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From the November 2006 issue of The Christian Science Journal

Jihad. It's a Loaded word, full of negative connotations and—to most of us—pretty scary. But is jihad a holy war undertaken by Muslims against infidels? For some, unfortunately, this deviant definition is accurate. But for most Muslims, the word jihad means to strive, to make a great and tenacious effort (see Al-Mawrid: A Modern Arabic-English Dictionary, ed. Rohi Baalbaki, P. 409).

The confusion between the actual meaning of the word jihad and what we hear constantly through various media regarding this word can best describe the pitfalls that sometimes affect our view of what the historian Samuel Huntington famously called "the clash of civilizations." Tragically, religious warfare is a reality for many parts of the Middle East today.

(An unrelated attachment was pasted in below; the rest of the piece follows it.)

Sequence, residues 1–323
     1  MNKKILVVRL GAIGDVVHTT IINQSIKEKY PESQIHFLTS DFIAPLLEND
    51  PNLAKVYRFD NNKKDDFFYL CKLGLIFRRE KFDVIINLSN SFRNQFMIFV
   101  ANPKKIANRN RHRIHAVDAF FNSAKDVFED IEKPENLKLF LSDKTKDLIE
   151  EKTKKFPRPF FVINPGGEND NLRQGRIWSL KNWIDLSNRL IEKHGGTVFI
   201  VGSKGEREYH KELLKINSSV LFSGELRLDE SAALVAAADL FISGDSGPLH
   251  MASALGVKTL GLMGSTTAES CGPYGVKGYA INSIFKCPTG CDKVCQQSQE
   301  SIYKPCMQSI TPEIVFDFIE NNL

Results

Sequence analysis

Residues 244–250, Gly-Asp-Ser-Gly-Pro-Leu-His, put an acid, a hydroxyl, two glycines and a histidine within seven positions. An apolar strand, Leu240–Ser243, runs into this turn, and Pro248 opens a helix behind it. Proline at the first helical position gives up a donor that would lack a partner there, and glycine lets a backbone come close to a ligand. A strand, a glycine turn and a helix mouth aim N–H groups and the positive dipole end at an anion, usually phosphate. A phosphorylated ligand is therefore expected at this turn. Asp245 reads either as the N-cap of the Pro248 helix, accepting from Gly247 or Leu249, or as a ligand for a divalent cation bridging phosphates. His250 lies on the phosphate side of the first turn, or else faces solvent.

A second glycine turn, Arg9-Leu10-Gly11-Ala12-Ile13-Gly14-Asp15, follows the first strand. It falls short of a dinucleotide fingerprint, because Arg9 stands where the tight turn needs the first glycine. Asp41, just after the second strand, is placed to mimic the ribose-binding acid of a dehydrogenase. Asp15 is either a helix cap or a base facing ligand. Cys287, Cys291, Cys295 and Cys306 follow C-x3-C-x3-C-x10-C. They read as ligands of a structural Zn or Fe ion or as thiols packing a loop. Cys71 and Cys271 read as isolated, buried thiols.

However, as a resident of the Kingdom of Saudi Arabia since 1991, I heartily disagree with the myopic, negative tone of most of the OP-ED media commentators who claim that the influence of the good Samaritan has been drowned out in the din of recent events in this troubled area of the world. Let me illustrate. As a classroom teacher working exclusively with 18-year-old Saudi males, I estimate that I've touched the lives of more than 5,000 students over the last 15 years. And being a student of Christian Science, I often use direct quotations from the Christian Science textbook, Science and Health with Key to the Scriptures by Mary Baker Eddy, to help illustrate a moral point to my students. A few months ago such a situation arose, and the Bible Lesson (outlined in the Christian Science Quarterly) for that week had the perfect inspiration for an essay that my students were writing about Prejudice.